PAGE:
Eighty-five years ago, almost to the day, astronomers at Lowell Observatory in Flagstaff discovered Pluto. It was considered the 9th planet from the sun. But, several decades later, it was demoted to dwarf planet status. Alan Stern is a planetary scientist heading up the New Horizons mission to study its surface. At a recent lecture in Flagstaff he said there are hundreds of dwarf planets in the Kuiper Belt where Pluto lives.
Tiny nanorobots may be the next big breakthrough in fighting cancer. About the size of a virus, the magnetic, metal machines could be used to detect and treat tumors from inside malfunctioning cells. John Gibbs is a physicist at Northern Arizona University and makes these microscopic nanomachines.
Pluto has a surface of nitrogen and methane ice. Scientists know this from telescope observations. But, when the New Horizons spacecraft flies by the dwarf planet in July, they hope to know far more about its icy composition. Flagstaff astronomer Stephen Tegler will be analyzing the data.
Every year, generations of classic car enthusiasts flock to sunny Phoenix for the Barrett Jackson Collector Car Auction. It's the essence of automobile artistry, power and engineering. And that's a perfect combination for Jerry McGlothin, a retired engineering professor at Northern Arizona University, and an antique car junkie.
Growing microscopic organisms in a lab to conduct biological warfare might sound like the makings of a science fiction movie. But in the case of the bark beetle, it's real. An entomologist at Northern Arizona University is using a fungus to combat the beetles' deadly attack on forests across the West. As Arizona Public Radio's Bonnie Stevens reports, the fungus is the latest in a string of unconventional methods to stop the bugs' rampage.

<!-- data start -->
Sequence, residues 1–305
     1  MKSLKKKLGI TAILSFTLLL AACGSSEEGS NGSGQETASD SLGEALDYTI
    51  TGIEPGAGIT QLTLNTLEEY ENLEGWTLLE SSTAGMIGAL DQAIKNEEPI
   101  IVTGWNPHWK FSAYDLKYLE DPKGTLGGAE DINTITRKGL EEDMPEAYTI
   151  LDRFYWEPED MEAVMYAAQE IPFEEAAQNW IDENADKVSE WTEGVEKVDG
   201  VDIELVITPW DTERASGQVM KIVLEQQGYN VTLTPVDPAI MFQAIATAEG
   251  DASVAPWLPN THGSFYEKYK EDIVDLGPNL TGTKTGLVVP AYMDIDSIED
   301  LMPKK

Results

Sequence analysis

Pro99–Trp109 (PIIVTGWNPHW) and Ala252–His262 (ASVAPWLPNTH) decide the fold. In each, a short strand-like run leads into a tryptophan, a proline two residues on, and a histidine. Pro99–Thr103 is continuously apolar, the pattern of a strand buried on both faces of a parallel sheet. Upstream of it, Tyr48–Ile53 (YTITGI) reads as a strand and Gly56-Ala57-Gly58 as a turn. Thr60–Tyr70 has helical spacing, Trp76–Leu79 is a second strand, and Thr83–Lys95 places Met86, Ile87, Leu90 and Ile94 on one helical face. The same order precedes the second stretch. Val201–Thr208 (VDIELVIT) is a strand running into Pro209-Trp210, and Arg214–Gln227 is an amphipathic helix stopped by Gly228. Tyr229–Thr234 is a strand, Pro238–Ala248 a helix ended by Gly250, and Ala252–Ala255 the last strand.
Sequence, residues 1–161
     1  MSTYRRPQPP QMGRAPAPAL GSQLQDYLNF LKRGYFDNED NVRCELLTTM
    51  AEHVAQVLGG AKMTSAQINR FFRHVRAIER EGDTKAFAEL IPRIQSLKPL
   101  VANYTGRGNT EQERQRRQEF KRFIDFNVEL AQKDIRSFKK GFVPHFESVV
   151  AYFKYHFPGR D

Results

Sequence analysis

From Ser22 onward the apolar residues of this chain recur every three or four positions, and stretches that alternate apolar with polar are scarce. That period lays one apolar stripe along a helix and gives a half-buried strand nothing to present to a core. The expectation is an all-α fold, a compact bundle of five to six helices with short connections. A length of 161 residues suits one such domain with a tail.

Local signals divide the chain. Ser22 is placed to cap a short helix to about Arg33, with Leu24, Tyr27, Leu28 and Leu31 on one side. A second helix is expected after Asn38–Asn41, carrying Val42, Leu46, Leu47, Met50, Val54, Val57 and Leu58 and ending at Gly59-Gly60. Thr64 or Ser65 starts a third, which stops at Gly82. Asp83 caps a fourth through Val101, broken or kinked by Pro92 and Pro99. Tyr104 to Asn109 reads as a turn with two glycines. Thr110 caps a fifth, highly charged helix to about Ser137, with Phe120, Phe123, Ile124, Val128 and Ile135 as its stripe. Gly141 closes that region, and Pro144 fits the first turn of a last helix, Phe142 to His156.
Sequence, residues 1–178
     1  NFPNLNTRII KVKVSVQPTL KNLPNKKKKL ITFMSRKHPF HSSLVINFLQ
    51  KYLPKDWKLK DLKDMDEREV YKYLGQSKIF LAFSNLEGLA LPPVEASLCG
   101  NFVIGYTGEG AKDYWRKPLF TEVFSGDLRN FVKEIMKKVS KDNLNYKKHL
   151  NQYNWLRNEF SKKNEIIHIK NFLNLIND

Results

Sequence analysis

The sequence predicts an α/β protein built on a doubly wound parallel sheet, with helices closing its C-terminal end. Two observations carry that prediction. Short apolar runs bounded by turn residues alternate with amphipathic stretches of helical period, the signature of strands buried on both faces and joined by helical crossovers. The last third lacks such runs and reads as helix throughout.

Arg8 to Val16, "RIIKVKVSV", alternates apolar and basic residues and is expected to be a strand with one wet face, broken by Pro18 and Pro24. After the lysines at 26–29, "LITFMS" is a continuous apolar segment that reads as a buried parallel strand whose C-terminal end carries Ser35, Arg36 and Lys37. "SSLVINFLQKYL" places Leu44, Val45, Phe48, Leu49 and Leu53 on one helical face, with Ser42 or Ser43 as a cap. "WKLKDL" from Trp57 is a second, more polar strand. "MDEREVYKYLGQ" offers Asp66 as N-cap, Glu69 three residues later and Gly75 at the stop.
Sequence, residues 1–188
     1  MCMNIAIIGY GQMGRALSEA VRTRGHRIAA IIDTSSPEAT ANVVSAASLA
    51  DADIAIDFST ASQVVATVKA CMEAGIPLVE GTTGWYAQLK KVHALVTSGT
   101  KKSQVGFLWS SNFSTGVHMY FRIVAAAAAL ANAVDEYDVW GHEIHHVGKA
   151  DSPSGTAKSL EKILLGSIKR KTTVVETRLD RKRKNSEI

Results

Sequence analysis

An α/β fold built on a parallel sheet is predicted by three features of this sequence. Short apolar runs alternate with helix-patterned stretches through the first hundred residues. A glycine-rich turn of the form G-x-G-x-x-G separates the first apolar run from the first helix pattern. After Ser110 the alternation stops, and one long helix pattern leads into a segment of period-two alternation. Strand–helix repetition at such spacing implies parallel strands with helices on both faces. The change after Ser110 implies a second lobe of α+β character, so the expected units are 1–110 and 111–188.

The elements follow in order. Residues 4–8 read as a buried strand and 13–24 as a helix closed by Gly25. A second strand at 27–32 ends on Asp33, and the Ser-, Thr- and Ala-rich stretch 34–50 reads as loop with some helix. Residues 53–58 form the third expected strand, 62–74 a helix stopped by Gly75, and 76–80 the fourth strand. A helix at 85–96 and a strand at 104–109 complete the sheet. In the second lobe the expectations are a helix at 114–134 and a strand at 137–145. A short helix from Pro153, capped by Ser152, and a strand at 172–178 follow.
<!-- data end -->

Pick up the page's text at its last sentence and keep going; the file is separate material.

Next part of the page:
If you’re one of those people who puts on weight while another person eating the same meal doesn’t, blame your gut! Greg Caporaso says it’s all about the microbiome — or the microbes living in our bodies — that determines how many calories we extract from food and also, how susceptible we are to disease.
Thousands of scientists worldwide are studying the environmental impact of climate change. But now, two professors of English are studying its emotional impact. SueEllen Campbell and John Calderazzo are co-directors of a climate change outreach and discussion group at Colorado State University. And, they recently visited Northern Arizona University to share this message about the Earth’s changing climate:
If you've clicked on the audio link for this story, then the sound you're hearing is the chatter of one of the most endangered mammals in North American, the black footed ferret. It's a sound that hasn't been heard much in Arizona's grasslands since 1931. That's when the animals were thought to have gone extinct after a strain of plague nearly wiped out their main food source, prairie dogs.